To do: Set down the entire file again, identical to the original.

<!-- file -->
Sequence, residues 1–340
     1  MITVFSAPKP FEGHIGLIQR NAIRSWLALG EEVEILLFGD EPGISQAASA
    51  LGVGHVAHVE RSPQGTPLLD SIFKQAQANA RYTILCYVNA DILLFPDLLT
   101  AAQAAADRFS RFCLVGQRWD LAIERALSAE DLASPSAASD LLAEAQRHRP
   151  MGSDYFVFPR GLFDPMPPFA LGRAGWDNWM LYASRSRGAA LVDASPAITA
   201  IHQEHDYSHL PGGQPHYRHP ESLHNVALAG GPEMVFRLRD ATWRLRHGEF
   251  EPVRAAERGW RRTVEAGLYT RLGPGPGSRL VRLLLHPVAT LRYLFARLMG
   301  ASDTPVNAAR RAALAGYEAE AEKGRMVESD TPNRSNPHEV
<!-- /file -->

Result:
Sequence, residues 1–340
     1  MITVFSAPKP FEGHIGLIQR NAIRSWLALG EEVEILLFGD EPGISQAASA
    51  LGVGHVAHVE RSPQGTPLLD SIFKQAQANA RYTILCYVNA DILLFPDLLT
   101  AAQAAADRFS RFCLVGQRWD LAIERALSAE DLASPSAASD LLAEAQRHRP
   151  MGSDYFVFPR GLFDPMPPFA LGRAGWDNWM LYASRSRGAA LVDASPAITA
   201  IHQEHDYSHL PGGQPHYRHP ESLHNVALAG GPEMVFRLRD ATWRLRHGEF
   251  EPVRAAERGW RRTVEAGLYT RLGPGPGSRL VRLLLHPVAT LRYLFARLMG
   301  ASDTPVNAAR RAALAGYEAE AEKGRMVESD TPNRSNPHEV